King voted in November 2020 listing the Marley Road home as her address.
The application for rental assistance asks if you are related to the tenant. The applicant checked “No.”
Contacted by the Dayton Daily News, King said she and the tenant are “fictive kin.”
“We’re not related,” King said.
King would not comment on why her voting address is on Marlay Road when she said she lives in another property owned by the woman who gave her the Marlay house.
“That’s very private,” she said.
King said the $1,800 monthly rent is all-inclusive, including utilities and cable.
“That’s the going rate if you look at the size of the property. If you look at the number of bedrooms, the quality of the home, bathrooms and all of that,” she said.
“(The program) took a burden off the back rent. It gave an opportunity for repairs to get done. It was an opportunity to breathe for the tenant who was under-employed at the time,” King said.
The tenant did not return calls seeking comment. But after the newspaper spoke to King, the tenant contacted MVCAP and said King mistakenly marked on the application that they aren’t related, and that King is her mother.
She offered to refund the money, which county officials say they will ask her to do.
Renter: ‘It really did help’
Freedom for Living Property Management received the most money: $407,913 for 67 properties, including three that got more than $10,000 through the program. A reporter visited those three properties and found them inhabited and maintained.
Officials with Freedom for Living Property Management did not return calls seeking comment.
The rental assistance program was part of $92.7 million Montgomery County received through the CARES Act. The county also spent $12.7 million on grants of up to $10,000 to more than 1,000 local small businesses.
Some landlords benefitted from the business assistance program as well, including the business owner who received the most small business assistance.
Todd Kraner received $60,000 through the business assistance program for his six businesses, which are all property holding or managing companies. His company Point Management LLC also received rental assistance for 15 properties totaling $22,728.
“It’s saved us,” Kraner said of the county programs. “We have great working people, great retirees in the apartments or the mobile home parks. It’s just tough on them.”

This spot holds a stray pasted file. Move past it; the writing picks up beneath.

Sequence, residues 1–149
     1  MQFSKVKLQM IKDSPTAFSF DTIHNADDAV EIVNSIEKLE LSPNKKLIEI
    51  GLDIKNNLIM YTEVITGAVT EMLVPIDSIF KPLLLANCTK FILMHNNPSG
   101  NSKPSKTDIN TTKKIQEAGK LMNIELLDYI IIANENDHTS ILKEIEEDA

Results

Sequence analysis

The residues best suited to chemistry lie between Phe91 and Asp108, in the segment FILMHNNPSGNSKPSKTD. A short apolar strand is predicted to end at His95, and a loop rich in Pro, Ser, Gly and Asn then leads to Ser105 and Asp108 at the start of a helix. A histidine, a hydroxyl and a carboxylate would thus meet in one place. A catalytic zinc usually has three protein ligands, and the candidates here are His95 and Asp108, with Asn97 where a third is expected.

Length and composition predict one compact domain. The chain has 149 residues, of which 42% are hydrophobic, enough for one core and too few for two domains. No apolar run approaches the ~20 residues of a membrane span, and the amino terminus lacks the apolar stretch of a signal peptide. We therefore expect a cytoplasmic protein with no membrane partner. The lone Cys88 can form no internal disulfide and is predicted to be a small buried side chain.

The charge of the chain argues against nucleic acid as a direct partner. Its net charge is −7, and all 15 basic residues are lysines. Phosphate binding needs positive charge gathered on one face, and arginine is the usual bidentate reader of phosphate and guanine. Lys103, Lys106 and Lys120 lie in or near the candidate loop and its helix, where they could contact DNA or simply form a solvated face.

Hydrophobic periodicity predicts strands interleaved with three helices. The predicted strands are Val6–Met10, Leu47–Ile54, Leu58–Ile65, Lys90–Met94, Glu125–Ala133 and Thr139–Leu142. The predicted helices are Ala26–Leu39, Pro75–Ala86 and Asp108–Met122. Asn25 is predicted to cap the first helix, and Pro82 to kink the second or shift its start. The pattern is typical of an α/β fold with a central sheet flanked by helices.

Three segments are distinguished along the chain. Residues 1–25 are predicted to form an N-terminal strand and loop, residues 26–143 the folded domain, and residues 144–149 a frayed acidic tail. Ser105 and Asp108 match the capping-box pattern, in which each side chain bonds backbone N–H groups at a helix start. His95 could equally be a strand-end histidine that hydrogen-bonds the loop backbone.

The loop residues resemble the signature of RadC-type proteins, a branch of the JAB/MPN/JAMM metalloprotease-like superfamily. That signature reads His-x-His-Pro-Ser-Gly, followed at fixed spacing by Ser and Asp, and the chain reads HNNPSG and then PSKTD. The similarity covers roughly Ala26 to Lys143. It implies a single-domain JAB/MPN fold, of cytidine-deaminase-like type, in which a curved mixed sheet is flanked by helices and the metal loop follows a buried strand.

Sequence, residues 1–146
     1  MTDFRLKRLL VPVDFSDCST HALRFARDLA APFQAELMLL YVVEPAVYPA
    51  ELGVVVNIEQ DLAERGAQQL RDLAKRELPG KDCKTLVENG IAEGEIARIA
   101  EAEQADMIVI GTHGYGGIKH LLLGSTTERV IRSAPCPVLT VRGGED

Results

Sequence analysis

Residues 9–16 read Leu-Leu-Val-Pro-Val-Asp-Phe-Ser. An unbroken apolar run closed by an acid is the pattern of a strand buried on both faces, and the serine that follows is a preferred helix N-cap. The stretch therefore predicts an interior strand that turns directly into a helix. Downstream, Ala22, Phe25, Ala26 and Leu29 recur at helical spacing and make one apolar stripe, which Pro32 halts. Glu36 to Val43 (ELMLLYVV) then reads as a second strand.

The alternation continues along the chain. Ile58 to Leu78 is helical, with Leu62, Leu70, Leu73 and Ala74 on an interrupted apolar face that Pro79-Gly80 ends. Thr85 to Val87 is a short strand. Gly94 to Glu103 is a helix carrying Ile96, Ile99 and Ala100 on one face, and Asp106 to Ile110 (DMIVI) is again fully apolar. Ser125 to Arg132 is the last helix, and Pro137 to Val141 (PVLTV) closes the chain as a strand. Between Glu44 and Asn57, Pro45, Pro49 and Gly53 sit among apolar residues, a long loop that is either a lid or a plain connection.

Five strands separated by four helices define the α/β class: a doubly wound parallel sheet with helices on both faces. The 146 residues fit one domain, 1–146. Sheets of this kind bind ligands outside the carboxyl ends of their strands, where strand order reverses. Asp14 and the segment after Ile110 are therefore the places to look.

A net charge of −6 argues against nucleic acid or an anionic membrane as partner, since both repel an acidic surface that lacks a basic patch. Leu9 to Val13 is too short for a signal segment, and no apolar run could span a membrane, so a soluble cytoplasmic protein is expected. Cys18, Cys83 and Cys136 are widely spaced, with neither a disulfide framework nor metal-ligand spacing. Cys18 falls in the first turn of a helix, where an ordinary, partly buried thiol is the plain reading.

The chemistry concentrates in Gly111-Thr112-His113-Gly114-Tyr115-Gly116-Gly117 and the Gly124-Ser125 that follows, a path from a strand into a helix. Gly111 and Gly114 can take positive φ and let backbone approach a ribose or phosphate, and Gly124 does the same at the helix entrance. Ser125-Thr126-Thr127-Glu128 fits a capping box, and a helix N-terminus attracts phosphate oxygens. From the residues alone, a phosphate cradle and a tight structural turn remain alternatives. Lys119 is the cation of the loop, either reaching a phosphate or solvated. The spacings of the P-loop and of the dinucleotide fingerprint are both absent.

Tenants lost their jobs, Kraner said, and while many spent their stimulus checks on rent and utilities, many did not.
He said he made his tenants aware of the rental assistance programs. Those who took advantage of it were able to stay in their homes. But the companies still lost income from those who wouldn’t apply, and the small business grants helped them cover fixed costs.
“They saved us by helping us pay our mortgages, our insurance for those that did fail or just left us that didn’t get any rental assistance,” he said.
The program helped many families keep a roof over their heads. Sadia Robinson, a state tested nursing assistant, lost her job when the home health care company she worked for went out of business in March 2020. She couldn’t get another job as the economy tanked, and she had no childcare for her three children, ages 14, 13 and 5. The older kids’ school just went back in-person last week and she is trying to get the youngest boy into school.
“I’ve worked all my life. I’m 34-years-old,” she said. “I was at my lowest.”
The rental assistance program provided her landlord — whose main source of income is Robinson’s rent — $2,080 for five months of rent. MVCAP also helped her get her driver’s license reinstated and is continuing to help her with rent as she studies nursing at Sinclair Community College.
“It really did help me a lot,” she said of the rental assistance program.
MVCAP expects to receive millions of dollars in additional rental, utility and mortgage assistance funding over the next year. The nonprofit recently created and is working to fill a compliance supervisor position. It also began an internal review of rental assistance files in preparation for future audits.
“The last year has been difficult for our community and for our agency, and we work to continuously improve our programs to meet our customers’ needs,” Stempler said.
Staff Writer Chris Stewart contributed to this report.